1 in 4 of the population will experience mental ill-health at some point in their lives, and a new report by mental health charity Mind and consultancy firm Deloitte has identified that the cost of poor mental health in the workplace is increasing, with the cost to UK employers being more than £43bn in 2018, which is an increase of 16% since the last estimate of £37bn in 2016.
The report identified a number of factors leading to the increase, such as employees spending unproductive hours at work when ill rather than taking time off, and employee “burnout” due to technology making it easier to check emails and work outside of designated working hours.
Being Aware of Mental Health Issues in the Workplace
A significant number of employees will suffer from mental health issues and employers should be aware of and be prepared to address mental health issues in the workplace.
A recent CIPD survey found:
- 37% of sufferers are more likely to get into conflict with colleagues
- 57% find it harder to do multiple tasks
- 80% find it difficult to concentrate
- 62% take longer to do any task
- 50% are less patient with customers/clients
Stress-related illnesses are a major cause of long term absences from work and stress or any other form of mental ill-health can affect any employee at any level.
Stress – when does it become a problem?
Stress can be defined as “the adverse reaction people have to excessive pressures or other types of demand placed upon them”.
People react to situations in different ways and what may be a stressful situation to one person is not regarded as stressful by another. Likewise people react to stress in different ways; some may find stress motivating, while others are debilitated.
There can be many causes of stress in the workplace, from too much work or responsibility to too little work or responsibility. Problems with colleagues or clients can also cause stress, as well as pressure to meet deadlines or targets. Stress may also be caused be issues outside of the workplace, such as marital breakdown, financial issues or bereavement.
Spotting the signs
It is important for employers to be approachable and to encourage staff to talk about issues that may be affecting them. Management styles should be tailored to the needs of each member of staff. Managers should be proactive and able to spot the signs of mental ill-health.
Signs such as:
- Changes in mood or behaviours
- Changes to standards or volume of work
- Appearances of being tired, withdrawn, lack of interest
- Increase or loss of weight
- Increase absence/lateness for work
- Drugs or alcohol issues
How can absences be managed?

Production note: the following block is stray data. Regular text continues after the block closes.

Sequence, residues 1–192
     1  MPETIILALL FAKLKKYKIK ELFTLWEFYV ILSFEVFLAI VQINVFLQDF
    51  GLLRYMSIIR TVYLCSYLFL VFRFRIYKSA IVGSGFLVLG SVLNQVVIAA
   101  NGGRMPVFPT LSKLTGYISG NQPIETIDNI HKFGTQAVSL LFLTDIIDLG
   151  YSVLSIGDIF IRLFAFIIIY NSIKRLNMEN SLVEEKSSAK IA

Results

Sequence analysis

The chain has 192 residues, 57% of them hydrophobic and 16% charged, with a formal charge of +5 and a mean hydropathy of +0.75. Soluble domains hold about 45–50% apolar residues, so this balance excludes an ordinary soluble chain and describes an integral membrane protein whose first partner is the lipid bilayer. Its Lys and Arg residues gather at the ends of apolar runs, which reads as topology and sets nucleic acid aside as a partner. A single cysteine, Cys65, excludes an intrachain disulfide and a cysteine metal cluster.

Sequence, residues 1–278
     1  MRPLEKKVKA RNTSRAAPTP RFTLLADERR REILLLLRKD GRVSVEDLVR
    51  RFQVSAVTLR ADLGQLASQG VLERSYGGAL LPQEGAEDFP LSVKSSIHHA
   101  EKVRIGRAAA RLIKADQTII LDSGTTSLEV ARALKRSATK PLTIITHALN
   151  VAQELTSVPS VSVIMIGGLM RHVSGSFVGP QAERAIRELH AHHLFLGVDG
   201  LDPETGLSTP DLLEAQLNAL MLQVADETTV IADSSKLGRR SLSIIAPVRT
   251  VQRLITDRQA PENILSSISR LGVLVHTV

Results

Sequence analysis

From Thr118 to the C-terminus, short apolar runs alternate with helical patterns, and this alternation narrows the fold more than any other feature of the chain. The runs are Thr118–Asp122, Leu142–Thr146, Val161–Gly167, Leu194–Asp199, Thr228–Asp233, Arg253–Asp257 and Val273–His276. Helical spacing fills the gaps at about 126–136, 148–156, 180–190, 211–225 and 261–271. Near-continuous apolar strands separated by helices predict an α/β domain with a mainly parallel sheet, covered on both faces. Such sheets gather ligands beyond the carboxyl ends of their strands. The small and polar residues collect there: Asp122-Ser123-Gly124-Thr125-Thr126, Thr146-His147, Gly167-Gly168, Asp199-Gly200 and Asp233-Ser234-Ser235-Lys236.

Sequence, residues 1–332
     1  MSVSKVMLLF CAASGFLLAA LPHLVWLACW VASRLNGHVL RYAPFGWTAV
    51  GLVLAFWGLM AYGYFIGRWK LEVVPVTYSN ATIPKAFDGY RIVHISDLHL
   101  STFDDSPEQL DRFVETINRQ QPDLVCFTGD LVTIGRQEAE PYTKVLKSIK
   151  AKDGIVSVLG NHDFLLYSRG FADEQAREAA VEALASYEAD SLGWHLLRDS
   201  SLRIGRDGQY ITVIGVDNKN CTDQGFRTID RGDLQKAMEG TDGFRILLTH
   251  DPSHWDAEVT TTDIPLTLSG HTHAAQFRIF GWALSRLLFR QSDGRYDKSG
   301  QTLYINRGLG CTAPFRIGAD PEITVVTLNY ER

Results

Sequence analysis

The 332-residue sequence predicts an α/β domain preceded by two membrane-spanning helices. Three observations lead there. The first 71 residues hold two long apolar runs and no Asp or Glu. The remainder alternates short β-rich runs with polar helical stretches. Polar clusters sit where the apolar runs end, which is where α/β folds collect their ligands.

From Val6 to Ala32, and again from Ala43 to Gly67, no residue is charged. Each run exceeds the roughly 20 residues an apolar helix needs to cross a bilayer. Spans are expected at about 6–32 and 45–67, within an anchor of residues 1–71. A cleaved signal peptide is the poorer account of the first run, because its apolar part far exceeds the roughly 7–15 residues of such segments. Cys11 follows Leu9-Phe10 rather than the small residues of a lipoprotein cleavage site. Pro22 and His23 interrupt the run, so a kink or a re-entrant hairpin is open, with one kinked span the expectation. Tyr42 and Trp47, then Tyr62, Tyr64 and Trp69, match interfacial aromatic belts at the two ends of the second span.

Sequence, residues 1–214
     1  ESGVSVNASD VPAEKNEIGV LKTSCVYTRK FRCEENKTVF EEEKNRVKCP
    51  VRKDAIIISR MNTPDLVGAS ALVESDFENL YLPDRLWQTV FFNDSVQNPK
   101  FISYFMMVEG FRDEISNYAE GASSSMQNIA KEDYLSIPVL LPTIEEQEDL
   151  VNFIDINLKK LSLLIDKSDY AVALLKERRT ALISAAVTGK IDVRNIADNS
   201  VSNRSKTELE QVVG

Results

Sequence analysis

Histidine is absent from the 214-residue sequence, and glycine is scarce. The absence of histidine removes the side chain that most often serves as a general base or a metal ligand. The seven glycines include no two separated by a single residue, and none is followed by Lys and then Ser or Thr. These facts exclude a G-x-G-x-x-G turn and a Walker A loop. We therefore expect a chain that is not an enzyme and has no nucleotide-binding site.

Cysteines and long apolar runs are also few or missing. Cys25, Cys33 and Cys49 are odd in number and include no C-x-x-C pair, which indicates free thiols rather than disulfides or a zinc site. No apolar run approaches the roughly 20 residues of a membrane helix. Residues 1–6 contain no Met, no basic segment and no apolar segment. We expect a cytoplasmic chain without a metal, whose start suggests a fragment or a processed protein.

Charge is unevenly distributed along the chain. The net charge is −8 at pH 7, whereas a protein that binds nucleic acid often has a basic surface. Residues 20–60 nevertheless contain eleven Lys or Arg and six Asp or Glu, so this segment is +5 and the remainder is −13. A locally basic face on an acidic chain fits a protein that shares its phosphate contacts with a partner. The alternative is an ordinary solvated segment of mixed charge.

If absences occur as a result of mental ill-health, employers should have a plan for managing these absences from work.
It should be agreed with the employee when and how regular contact will be maintained, including the best place to meet an employee.
Employers should be positive, supportive and professional and agree with the employee what information should be disclosed to colleagues. It is important not to pressure the employee to return early and employers may want to consider a phased return to work.
Occupational health and the views of the employee’s own doctor or consultant should be considered.
Dismissals due to illness
Dismissing an employee due to illness should only be considered as a last resort and an employer should alternatively look at helping the employee return to work, this can be done by:
- Arranging an occupational health assessment for the employee
- Asking the employee for their permission to obtain a copy of their medical report from their GP
- Making reasonable adjustments to help the employee within their working environment such as, supporting the employee to manage their workload, changing contracted hours and flexible working hours to allow the employee to attend appointments for treatments
Legal obligations on employers
The Health and Safety at Work Act sets out employers’ duties to ensure the health, safety and welfare of all employees. It sets out rules that employers must abide by to ensure that the workplace is safe and those who work there are not in any danger both physically and mentally.
It is a criminal offence to fail to comply with these duties.
Sources of Help and Guidance to address mental health issues in the workplace
- Access to Work – advice and assessments
- Occupational Health
- Doctors and Consultants
- Trade Unions
- Family, Friends and Colleagues
And last, but not least, from the Employee themselves!